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World View: Both Greece and European Leaders Seem Poised to Compromise

This morning’s key headlines from GenerationalDynamics.com

  • Both Greece and European leaders seem poised to compromise
  • UK advises all Britons to leave Tunisia

Both Greece and European leaders seem poised to compromise

Does Wolfgang Schäuble's broad grin mean that he's ready to compromise? (Kathimerini)
Does Wolfgang Schäuble’s broad grin mean that he’s ready to compromise? (Kathimerini)

It is not certain yet, but the Game of Chicken that Greece and the Europeans have been playing with each may finally be coming to an end, with both sides screeching to a halt before the collision.

Greek officials, led by prime minister Alexis Tsipras, submitted written reform proposals just minutes before the midnight (22:00 GMT) Thursday deadline demanded by the European leaders.

The proposals include tax increases on shipping companies, increases in VAT taxes, some privatizations, phasing out solidarity grant for pensioners by 2019, and defense spending cuts. The proposals are thought to contain around 12 billion euros worth of reform measures.

The package that Tsipras rejected before calling last week’s referendum, which is also the package that the referendum vote rejected, called for a smaller amount, 8 billion euros, of reform measures.

However, Tsipras is not being as generous as might first appear, and he is definitely not capitulating. As part of his proposal package, he is seeking 53.5 billion euros in a new bailout package, and a restructuring of Greece’s large debt burden. The restructuring would involve stretching out the payment timeline for decades, meaning that the current repayment amounts will be smaller.

The proposal will be reviewed over the weekend first by the Eurogroup of finance ministers, and then by an EU summit on Sunday. If it is not considered adequate, it will be rejected.

Even if the EU summit accepts it, it is still not a done deal. The package has to be approved by Greece’s parliament, and by several European parliaments.

It had previously been thought that Tsipras would never win approval for any such package because the communists and far left segments of his own Syriza party would block it. However, Tsipras is now allying with opposition parties, and he evidently has enough votes to get it passed.

As for the European parliaments, including Germany’s Bundestag, a lot will depend on what German Chancellor Angela Merkel and Germany’s Finance Minister Wolfgang Schäuble. If they support the package, then it’s thought that the parliaments will fall in line.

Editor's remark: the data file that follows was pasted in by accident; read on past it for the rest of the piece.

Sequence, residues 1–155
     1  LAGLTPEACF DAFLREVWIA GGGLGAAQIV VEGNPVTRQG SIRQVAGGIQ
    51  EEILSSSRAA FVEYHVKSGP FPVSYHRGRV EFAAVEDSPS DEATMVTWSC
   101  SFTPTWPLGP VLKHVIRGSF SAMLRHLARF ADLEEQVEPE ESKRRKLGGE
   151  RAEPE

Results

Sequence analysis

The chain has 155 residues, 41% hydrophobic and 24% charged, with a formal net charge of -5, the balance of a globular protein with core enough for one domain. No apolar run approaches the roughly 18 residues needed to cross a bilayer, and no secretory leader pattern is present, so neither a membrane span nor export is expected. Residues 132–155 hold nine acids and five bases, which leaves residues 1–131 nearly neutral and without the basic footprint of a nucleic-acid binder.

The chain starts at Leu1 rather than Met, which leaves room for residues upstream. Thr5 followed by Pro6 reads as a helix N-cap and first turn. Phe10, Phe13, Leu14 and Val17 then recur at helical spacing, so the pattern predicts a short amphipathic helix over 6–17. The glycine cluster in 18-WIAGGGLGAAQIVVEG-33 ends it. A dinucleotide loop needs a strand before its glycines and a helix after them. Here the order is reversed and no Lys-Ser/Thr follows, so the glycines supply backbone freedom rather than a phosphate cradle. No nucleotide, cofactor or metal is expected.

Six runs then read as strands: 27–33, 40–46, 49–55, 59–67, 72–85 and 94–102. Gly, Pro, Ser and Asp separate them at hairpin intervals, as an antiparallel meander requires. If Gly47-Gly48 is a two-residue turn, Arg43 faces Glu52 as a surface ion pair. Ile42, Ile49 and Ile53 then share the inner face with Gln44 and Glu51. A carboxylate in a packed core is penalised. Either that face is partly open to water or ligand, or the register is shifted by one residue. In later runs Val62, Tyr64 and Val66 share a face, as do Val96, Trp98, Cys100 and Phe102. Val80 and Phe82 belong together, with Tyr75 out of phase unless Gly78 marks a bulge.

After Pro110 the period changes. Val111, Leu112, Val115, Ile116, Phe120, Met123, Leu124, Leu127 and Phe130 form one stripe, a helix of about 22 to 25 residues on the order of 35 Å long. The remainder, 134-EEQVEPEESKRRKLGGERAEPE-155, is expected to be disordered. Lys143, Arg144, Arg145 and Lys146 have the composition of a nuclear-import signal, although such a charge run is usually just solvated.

Merkel has said in the past that the “red line” for her was that there can be no “haircut,” meaning that no portion of Greece’s debt can be entirely forgiven. That problem is evaded in Tsipras’s proposal by keeping the nominal debt the same, but stretching out the payments so far that the debt, in actuality, will almost certainly never be repaid.

So it is believed that if Merkel and Tsipras can both personally endorse this proposal, then the national parliaments will fall in line.

You may recall, Dear Reader, that I said a couple of times in the past that my personal prediction (not a Generational Dynamics prediction) was that, one way or another, Greece would remain the in the eurozone. That prediction was really just based on a personal feeling. Since that time, I’ve been thinking about why I had that feeling.

I have been following news stories closely and writing about them for years, and one thing that has characterized the last 10-15 years, as opposed to the years following WW II, is that almost no one wants to make a hard decision, because they do not want to bear the responsibility of possible failure.

In this case, Tsipras and Merkel are being forced to choose. Neither of them wants to go down in history as the person responsible for the breakup of the euro currency union. Neither does anyone else. From that, the conclusion must be that, one way or another, Greece will remain in the eurozone.

Meanwhile, there will a lot of hard bargaining over the weekend, and it is still possible that the negotiations will collapse. Kathimerini and BBC and Kathimerini

UK advises all Britons to leave Tunisia

It looks like the terrorists have won, at least in Tunisia.

Just four days after Tunisia declared a ‘state of war,’ following a terror attack in Sousse on June 26, and an attack on the Bardo Museum in Tunis on March 18, Britain is advising all of its citizens to leave Tunisia because “a further terrorist attack is highly likely.”

According to the statement by the UK Foreign Office:

Since the attack in Sousse, we have been working closely with the Tunisian authorities to investigate the attack and the wider threat from terrorist groups in Tunisia. Although we have had good co-operation from the Tunisian government, including putting in place additional security measures, the intelligence and threat picture has developed considerably, reinforcing our view that a further terrorist attack is highly likely. On balance, we do not believe the mitigation measures in place provide adequate protection for British tourists in Tunisia at the present time and we have therefore changed our travel advice accordingly.

According to Tunisia’s Tourism Ministry, travel and tourism was 15% of Tunisia’s GDP in 2014. 473,000 jobs are supported by travel and tourism, 13.8% of total employment. It’s believed that the objective of the terrorist attacks was to cripple Tunisia’s tourist industry, and the terrorists appear to have met their objective, at least for the time being. UK Foreign Office and BBC

KEYS: Generational Dynamics, Britain, Tunisia, Greece, Alexis Tsipras, Germany, Angela Merkel, Wolfgang Schäuble
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